March 11, 2017
One of the things that makes Drupal a great CMS is the quality and robustness of its modules. Today I wanted to shine a spotlight on the Pathauto module. From Pathauto’s project page;
“The Pathauto module automatically generates URL/path aliases for various kinds of content (nodes, taxonomy terms, users) without requiring the user to manually specify the path alias. This allows you to have URL aliases like /category/my-node-title instead of /node/123. The aliases are based upon a “pattern” system that uses tokens which the administrator can change.”
Tokens require the Token module, which you’ll likely need anyway, because it’s required by many modules. You also should really install Redirect, so that whenever an item’s URL alias is changed, the system will automatically created a redirect (so you don’t start racking up 404 errors). After installing Drupal core, we ALWAYS install Pathauto, Token, and Redirect at a minimum; they are that essential.
Now let’s stop and think for a moment why we might want to be able to set URL patterns. Imagine you have a blog and you want to control the URL pattern.
In WordPress you can adjust the Permalinks, and it does offer an option called Custom Structure with token-like placeholders. This is rather limited though in terms of the available placeholders. You can of course change the slug (a.k.a. alias) for each individidual post/page/category manually, but that’s silly to even contemplate on large sites. Long story short, there’s no WordPress equivalent for defining across-the-board URL patterns with ease the way that you can with Drupal’s Pathauto module.
We have had to deal with URL patterns in Joomla before as well. That can be a frustrating experience on larger sites, because Joomla relies so heavily on its menu system, meaning a page must be in a menu for its URL alias to be set to what you want. You can set up categories and subcategories, which Joomla will use for the generated URLs. There have been attempts at making Joomla’s URL structure more customizable (sh404sef comes to mind here), but these are complex and they take over some core functionality, making it incredibly difficult to uninstall should you decide to uninstall it later on. And they never quite offer the same level of control and ease of use that Pathauto does.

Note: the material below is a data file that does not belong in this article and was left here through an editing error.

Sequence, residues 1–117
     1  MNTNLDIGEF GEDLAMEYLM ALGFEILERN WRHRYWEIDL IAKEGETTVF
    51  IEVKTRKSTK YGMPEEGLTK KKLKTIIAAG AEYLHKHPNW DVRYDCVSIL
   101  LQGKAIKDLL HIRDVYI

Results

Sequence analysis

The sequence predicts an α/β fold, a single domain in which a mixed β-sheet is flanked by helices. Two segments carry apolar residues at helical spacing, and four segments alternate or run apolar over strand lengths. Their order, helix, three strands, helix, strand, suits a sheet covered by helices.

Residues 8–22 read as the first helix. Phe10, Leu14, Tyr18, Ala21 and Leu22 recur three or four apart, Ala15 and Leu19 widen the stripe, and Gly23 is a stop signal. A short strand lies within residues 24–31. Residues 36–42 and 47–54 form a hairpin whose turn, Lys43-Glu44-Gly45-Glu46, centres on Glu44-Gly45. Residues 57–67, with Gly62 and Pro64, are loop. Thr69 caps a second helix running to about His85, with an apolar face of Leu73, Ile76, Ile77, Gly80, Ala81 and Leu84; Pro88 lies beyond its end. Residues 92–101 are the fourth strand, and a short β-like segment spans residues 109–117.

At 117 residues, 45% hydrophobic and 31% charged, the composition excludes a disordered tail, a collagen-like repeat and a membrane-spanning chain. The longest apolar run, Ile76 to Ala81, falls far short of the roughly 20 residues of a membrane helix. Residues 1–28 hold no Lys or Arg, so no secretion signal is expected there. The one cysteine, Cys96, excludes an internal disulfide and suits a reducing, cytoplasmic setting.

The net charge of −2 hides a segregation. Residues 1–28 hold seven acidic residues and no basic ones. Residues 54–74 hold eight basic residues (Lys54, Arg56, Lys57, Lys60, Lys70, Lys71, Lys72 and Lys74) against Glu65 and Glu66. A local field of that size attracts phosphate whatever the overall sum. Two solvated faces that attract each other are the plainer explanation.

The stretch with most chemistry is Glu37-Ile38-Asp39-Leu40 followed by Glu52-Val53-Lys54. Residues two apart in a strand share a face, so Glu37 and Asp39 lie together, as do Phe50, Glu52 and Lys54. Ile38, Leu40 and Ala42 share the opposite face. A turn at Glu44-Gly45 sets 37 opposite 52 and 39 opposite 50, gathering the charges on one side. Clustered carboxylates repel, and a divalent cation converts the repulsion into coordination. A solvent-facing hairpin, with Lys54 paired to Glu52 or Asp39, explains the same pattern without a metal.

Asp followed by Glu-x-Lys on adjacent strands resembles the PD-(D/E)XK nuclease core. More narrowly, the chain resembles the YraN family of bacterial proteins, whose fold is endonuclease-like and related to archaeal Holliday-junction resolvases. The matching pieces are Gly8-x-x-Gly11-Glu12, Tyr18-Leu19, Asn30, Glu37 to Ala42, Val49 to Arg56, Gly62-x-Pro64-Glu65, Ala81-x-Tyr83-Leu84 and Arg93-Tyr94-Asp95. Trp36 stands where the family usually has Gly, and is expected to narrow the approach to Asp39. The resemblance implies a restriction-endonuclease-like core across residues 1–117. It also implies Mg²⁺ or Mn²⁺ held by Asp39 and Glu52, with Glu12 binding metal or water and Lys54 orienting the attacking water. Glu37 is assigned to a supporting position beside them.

Let’s start with the Pathauto admin screen:
The above screenshot is from Drupal 8, but it’s pretty much the same in Drupal 7. It shows a few URL patterns tied to specific content types, followed by a default of [node:title]. This means that if I add a node such as News that has no pattern defined, it will still get an SEO-friendly URL based on its title, so if its title is “My Great News Item”, its URL would be “/my-great-news-item”. But if it’s a picture with title of “Our New Gallery”, it would be “/pictures/our-new-gallery”.
Pathauto is really great in combination with Views, specifically Views page displays. In the screenshot above you see we have a content type called Person, with a URL pattern of “bios/[node:title]”. We also have a view page display with URL of “/bios”. So visitors go to “/bios” and then they click on a bio, and that bio will follow the above URL pattern. Using Pathauto and Views together in this manner we can enforce consistent URL patterns across the site, without forcing editors to think about URLs as they’re editing. It just works.
If you want to show ‘breadcrumbs’ e.g. “Home > Bios > Some Person”, the Pathauto/Views combination is particularly useful when combined with Easy Breadcrumb. It relies on your URL patterns for generating its breadcrumbs.
While we use Pathauto primarily for nodes (content / pages), it can also be used for users, taxonomy, and other Drupal entities. I highly recommend it and consider it essential to any Drupal site.